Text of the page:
Friday, 1 October 2021

A Case FOR the Death Penalty?

 

I am not pro the death penalty, but there are certain crimes so vile that the perpetrator should willingly accept to surrender his or her life.

The very idea that a Police Officer should ostensibly arrest someone, put them in handcuffs, then drive them 50 miles only to be raped and murdered, is beyond imagination. Such pre-meditated evil should be given the ultimate of sentences, and should be accepted by the guilty party.

This is not a demand to bring back the noose, as crimes such as the above are rare, but just occasionally such people as Wayne Couzens, who murdered 33 year old Sarah Everard, should be 'dispatched' as quickly as possible; and spoken of no more!

Couzens has now been sentenced, and will spend his whole life in prison; no question of parole.

I will not even show his image.

17 comments:

  1. I feel certain this was not his first and other unsolved murders will now be investigated. The planning, including the hire car, is almost beyond comprehension.

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    1. I read in today's paper that the police will investigate other murders. Couzens has nothing to lose by being co-operative.

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    2. He failed in the body disposal and he appears to have overlooked CCTV upon which he was captured several times. His apprehension was relatively easy. I wonder if he wanted to be caught.

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    3. It must be the case that certain 'mass murderers' don't fear being caught. They probably see the notoriety as part of the act.

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  2. What makes you think that policemen are better people than the ordinary ones? They rape , murder and commit violence. We all know that , but the strong community feeling makes it difficult to discover those crimes. The same for the church, the army etc. Concerning death penalty.It' s proved that it doesn't change any criminal behaviour. The one who décides to kill etc. will do it.

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    1. The Death Penalty is not a panacea to stop further murders, it would simply ensure that the vilest of our fellow men were no longer around. As for your opening sentence, most would agree that we need to have faith in our Police force; otherwise what would be their point?

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    2. Lou's first point is a pertinent one. Even policemen are "human", somewhere on a spectrum of the benign and the deranged.

      You, Cro, are right that we should trust (not so much have "faith" as you call it) all those who are supposed (job description) to "protect" us. In a case like the one you describe the general public's trust will be shaken, at least temporarily. That's a regrettable fallout. Still, let's remember apple carts and one swallow doesn't make a summer and all those comforting reminders and saying that, on the whole, the exception is NOT the rule.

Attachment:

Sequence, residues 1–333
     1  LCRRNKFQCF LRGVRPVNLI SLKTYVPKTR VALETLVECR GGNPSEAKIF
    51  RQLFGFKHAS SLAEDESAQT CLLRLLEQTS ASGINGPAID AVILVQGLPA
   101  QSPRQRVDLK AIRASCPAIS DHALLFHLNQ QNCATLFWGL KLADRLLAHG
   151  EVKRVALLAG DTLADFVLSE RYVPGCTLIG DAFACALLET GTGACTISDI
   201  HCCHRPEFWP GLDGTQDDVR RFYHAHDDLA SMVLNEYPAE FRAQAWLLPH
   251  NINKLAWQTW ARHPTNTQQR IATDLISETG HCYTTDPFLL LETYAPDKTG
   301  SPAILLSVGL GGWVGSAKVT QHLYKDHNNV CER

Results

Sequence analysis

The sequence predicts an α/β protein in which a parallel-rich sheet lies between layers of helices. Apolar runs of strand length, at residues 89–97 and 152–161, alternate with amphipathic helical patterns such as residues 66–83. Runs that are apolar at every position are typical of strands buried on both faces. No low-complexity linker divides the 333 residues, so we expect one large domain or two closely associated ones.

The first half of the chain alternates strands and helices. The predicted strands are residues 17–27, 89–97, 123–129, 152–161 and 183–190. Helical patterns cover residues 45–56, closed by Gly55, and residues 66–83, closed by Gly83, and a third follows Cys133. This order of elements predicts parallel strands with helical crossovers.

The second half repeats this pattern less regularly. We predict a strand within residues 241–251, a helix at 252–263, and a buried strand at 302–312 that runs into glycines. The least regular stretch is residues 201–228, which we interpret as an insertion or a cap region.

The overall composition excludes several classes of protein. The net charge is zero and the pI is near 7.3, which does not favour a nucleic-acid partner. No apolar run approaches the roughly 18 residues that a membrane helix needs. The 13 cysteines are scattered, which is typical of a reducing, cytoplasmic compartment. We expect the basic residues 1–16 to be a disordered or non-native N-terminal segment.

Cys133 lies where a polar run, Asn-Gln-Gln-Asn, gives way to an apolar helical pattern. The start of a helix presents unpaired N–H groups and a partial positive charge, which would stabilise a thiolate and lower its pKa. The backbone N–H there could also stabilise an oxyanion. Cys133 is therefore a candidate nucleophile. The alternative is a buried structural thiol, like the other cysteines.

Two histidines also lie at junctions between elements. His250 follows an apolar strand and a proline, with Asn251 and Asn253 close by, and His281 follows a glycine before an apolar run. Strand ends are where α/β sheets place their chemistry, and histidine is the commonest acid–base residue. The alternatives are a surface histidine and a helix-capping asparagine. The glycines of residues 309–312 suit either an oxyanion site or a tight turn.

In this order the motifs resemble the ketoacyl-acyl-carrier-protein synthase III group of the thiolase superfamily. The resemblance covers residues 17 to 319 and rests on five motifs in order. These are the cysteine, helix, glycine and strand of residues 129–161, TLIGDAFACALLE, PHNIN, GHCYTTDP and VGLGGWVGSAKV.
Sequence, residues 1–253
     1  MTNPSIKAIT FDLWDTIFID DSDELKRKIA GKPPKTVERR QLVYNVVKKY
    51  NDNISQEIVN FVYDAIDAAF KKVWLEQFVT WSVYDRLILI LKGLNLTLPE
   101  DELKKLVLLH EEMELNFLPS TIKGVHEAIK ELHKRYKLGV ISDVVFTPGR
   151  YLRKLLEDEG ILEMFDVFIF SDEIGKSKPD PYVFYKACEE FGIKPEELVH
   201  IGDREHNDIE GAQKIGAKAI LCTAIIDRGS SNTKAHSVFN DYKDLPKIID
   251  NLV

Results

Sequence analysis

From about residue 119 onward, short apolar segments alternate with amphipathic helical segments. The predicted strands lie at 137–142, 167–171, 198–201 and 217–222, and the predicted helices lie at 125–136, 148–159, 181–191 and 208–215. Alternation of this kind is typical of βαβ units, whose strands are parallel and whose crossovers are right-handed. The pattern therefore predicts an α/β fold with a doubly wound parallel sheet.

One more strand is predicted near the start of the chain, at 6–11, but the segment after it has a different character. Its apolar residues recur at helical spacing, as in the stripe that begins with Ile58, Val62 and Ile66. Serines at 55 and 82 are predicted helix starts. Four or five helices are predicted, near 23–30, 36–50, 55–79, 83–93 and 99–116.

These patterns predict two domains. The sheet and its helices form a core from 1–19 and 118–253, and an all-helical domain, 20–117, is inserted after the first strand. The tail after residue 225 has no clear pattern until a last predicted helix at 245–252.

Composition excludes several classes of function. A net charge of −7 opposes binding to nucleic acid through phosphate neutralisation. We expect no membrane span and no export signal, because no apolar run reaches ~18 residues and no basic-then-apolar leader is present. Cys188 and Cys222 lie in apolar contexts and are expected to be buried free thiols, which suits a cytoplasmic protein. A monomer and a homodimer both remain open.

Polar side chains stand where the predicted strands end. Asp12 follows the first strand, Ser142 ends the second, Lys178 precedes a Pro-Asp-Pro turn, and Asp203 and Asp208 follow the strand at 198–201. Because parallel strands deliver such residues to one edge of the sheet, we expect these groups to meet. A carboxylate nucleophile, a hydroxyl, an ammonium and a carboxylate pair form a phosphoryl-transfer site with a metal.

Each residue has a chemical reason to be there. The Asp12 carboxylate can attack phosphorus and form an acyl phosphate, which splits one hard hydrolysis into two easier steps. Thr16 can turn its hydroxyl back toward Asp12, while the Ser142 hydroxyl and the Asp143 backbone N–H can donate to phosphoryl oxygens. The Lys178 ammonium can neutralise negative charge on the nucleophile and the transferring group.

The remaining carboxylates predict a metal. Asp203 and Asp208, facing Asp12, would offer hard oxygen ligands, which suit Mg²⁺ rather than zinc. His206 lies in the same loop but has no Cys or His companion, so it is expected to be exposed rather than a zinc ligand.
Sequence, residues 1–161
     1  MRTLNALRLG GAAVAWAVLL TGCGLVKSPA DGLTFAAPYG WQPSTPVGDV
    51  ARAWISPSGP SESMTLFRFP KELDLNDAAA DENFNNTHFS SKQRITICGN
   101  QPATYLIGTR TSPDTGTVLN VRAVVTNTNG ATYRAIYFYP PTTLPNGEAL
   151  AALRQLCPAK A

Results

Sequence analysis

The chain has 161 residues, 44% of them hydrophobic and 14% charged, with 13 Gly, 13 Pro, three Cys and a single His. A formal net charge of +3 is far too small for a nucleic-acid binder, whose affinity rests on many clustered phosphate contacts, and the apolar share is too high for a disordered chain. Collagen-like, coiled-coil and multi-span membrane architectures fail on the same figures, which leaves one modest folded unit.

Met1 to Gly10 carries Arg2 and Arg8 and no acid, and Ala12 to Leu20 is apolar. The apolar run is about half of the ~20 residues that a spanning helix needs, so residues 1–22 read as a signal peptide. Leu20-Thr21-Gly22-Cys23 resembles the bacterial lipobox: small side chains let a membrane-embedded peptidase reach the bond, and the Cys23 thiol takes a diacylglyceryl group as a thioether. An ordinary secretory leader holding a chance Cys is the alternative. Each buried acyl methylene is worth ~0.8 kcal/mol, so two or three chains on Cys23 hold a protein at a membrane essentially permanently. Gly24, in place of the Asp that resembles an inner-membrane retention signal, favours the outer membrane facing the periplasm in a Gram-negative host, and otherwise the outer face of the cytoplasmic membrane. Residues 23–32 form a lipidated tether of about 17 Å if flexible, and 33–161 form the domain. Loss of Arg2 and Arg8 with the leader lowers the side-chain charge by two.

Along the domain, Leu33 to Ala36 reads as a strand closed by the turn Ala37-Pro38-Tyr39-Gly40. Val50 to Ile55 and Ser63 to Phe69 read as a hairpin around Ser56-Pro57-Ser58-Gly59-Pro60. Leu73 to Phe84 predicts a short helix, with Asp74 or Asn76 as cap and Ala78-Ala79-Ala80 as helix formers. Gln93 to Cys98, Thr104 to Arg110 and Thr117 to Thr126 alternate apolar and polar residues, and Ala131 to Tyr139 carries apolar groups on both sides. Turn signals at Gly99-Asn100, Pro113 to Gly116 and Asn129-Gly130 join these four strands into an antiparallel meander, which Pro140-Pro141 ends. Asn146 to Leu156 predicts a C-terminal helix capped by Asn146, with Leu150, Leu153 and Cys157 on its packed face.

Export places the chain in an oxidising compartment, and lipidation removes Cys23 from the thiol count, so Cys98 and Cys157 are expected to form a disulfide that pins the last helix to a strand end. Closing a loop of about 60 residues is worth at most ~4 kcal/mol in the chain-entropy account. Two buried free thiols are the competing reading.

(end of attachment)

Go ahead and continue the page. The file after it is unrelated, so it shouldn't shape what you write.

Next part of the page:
U

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  3. Is the death penalty the ultimate punishment, Cro? I don't think so. Can you imagine being confined in prison for the rest of your life, in a cell, with all the time in the world to reflect on what a failure of a human being you turned out to be? It is, of course, oh the irony, why some try and take a short cut and end their lives themselves. Why do you think they take your belt and laces on incarceration? To NOT give you an easy way out. Not that I think it easy to take one's own life.

    Death penalty or not is one of those darned questions of ethics whichever way you look at it. Reminds me of the first REVENGE movie I saw back in the seventies. "The Bride wore black" (Francois Truffaut). Trust the French to go noir. Whilst I understand the bride's motive to go on the rampage I don't approve of it. It was an accident, after all, albeit a pretty stupid one. Anyway, she executed the death penalty x 5, by stealth as it were. I doubt it relieved her of her grief.

    U

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    1. I think facing a similar end to your victims reflects the bible's 'an eye for an eye'. I am not proposing this for ALL murderers, but a small number are such monsters that "let's just get rid of them".

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    2. Death penalty also ensures taxpayers aren't paying for the 'food and lodgings' of prisoners for the rest of their lives. I do believe the death penalty is warranted in some cases.

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  4. I expect that, as an ex police officer, he is now ensured a very uncomfortable stay at Her Majesty's Pleasure.

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    1. He'll probably be given a private suite on a special wing for those who risk the wrath of other prisoners.

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  5. One thing to be said for the death penalty. It has a zero reoffending rate...

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    1. And it doesn't have to be paid for for decades.

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  6. Looking forward to your views on François Vérove.

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    1. Yes, another monster who also attacked and killed several very young girls. Had he not committed suicide, he would have been the perfect case for the guillotine.

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  7. I am wondering how he managed to become a police officer. Surely someone throughout his training periods must have noticed a tendency towards wrong behaviours?

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